Another important point is that any carb consumed in excess will be converted to fat for storage. In fact any macronutrient consumed in excess is turned to fat for storage. Excess carbs can increase blood glucose, throw off insulin regulation, increase triglycerides, increase inflammation and contribute to many chronic diseases including heart disease, diabetes, certain cancers and dementia.
Knowing how many carbs to consume and in what forms is not something that most people think about beyond the “good carb/bad carb” mentality that has been drilled into the brains of those in mainstream society in recent years, so I’ve compiled my top five tips that may be helpful for the average person who does not have autoimmune issues or existing chronic diseases (we’ll save those recommendations for private client who need very specific, individualized plans…contact me for more info). Also these tips are functional for those taking a real food approach or just making the transition.
1. Chew more nutrition than you drink. This means drink more water, unsweetened tea or coffee and avoid juice. That’s right. Juice is not a health food. It is more closely related to sugar water, aka soda. You will get far more nutrition from eating the entire fruit because the food version contains all of the vitamins, minerals, FIBER and phytochemicals that get left behind when you just drink the juice. Smoothies should be consumed in moderation, if at all. Check out @gratefulguts on Instagram for #gratefulgutsmadehusbandapproved recipes made with appropriate amounts of protein, fat and carbs for a mini-meal.
2. Get simple sugars, starch and fiber from whole fruits and an abundance of vegetables. Aim for at least 1, ideally 2, servings of vegetables at each meal, including breakfast. Select 2-3 servings of fruit per day.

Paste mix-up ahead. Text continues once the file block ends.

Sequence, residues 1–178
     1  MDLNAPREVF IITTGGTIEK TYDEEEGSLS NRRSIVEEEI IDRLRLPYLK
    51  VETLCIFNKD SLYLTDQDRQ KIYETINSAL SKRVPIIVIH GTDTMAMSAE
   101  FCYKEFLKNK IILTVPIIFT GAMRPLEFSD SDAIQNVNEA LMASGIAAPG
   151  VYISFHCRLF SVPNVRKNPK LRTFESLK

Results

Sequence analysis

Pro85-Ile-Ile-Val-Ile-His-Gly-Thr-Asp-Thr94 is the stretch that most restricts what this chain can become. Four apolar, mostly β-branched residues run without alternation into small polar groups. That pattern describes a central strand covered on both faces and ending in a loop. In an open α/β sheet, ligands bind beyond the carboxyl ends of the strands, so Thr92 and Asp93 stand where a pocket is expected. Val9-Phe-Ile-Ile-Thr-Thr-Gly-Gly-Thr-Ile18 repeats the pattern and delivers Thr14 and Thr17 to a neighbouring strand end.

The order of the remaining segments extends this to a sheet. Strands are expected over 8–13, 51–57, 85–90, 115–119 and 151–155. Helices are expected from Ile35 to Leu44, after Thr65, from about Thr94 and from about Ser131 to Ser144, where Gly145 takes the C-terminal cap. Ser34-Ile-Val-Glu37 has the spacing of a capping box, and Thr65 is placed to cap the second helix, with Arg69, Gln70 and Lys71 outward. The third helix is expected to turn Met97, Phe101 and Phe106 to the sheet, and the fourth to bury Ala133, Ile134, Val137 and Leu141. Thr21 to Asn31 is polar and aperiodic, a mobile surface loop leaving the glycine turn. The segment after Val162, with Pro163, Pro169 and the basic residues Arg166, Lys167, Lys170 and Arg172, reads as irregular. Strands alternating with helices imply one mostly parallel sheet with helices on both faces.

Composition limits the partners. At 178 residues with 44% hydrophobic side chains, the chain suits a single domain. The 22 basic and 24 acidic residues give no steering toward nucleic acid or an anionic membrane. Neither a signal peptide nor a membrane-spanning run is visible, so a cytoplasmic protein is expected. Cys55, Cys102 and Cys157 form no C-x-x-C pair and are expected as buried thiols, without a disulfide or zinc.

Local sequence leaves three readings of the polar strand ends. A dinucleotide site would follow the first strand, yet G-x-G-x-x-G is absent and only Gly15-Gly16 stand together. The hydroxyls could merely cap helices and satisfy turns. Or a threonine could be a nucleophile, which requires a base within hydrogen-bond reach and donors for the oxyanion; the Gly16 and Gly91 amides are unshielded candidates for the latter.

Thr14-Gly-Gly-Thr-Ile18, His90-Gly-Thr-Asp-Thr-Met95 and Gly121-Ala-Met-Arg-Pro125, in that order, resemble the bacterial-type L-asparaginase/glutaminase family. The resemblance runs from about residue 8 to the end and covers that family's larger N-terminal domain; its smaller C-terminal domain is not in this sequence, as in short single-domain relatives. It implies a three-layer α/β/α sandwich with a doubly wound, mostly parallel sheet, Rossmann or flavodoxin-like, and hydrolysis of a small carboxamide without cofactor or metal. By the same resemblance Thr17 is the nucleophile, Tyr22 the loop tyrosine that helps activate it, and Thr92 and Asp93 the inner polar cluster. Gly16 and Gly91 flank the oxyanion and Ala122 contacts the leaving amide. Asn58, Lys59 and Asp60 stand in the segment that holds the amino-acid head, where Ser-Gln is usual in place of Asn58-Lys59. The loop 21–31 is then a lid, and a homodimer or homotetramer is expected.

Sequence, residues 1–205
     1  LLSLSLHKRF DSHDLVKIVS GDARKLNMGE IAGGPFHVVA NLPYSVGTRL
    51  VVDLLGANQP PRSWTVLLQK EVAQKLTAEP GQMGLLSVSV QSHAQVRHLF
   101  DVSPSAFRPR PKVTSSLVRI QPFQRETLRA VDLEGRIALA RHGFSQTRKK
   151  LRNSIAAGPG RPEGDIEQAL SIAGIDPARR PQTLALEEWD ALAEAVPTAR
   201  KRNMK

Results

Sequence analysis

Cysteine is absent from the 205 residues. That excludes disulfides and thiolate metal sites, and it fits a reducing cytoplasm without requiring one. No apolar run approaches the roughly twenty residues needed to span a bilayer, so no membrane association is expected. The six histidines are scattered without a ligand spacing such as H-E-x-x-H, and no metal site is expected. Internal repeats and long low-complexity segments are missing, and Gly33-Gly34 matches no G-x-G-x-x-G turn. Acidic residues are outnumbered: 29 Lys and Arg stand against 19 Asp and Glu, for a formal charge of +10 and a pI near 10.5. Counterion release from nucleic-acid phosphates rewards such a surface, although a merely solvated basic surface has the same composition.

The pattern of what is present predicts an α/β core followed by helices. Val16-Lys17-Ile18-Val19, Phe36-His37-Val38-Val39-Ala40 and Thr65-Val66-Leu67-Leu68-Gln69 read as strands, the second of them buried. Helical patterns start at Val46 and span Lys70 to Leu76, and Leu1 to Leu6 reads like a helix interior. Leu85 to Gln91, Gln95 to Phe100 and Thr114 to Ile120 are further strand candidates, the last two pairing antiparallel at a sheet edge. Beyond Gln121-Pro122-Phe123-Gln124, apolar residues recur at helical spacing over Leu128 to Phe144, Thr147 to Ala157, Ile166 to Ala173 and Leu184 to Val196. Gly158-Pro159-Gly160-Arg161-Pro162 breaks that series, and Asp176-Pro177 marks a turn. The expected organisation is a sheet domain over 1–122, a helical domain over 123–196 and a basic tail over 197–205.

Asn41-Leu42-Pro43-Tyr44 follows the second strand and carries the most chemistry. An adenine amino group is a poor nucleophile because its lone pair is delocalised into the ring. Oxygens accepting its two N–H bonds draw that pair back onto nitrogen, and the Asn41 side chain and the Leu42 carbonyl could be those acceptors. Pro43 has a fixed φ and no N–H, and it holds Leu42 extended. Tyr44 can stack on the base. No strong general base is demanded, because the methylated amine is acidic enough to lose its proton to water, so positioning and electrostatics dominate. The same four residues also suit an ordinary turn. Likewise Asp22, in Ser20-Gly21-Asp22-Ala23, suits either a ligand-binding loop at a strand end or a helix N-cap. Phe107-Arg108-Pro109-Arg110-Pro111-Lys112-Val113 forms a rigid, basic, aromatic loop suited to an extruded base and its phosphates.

3. Avoid most, if not all grains, especially in the form of breakfast cereals, pastries, snack foods, bread/toast and pasta. These are not real foods anyway, so this recommendation should not come as a surprise. These foods are highly processed and contribute to excessive intake of carbs, deteriorating health problems, expanding waistlines, gut issues etcetera, etcetera, etcetera. Most of these foods also contain gluten, which is a topic for another blog post…or podcast (hint, hint).
4. Limit, or avoid, alcohol if trying to reduce carb intake. All alcohol is carbohydrate-based. The carbs in barley (beer), starch in potatoes (vodka), fructose in grapes (wine) are fermented to create the beloved beverages. Alcohol can also serve as an endocrine disruptor that sends us on a blood sugar roller coaster.
5. Ditch the soda. No good comes from these, even if you have an upset stomach. If you like carbonation, then try getting seltzer water and infusing it with your own combination of fresh fruit or veggies (berries, citrus, cucumber).
This topic is huge and brings up many other opportunities for discussion and future posts. Stay tuned for other topics including gluten, blood sugar regulation, real food snacks, real food sweeteners and much more. Be sure to to like the Grateful Guts Facebook page and follow @gratefulguts on Instagram.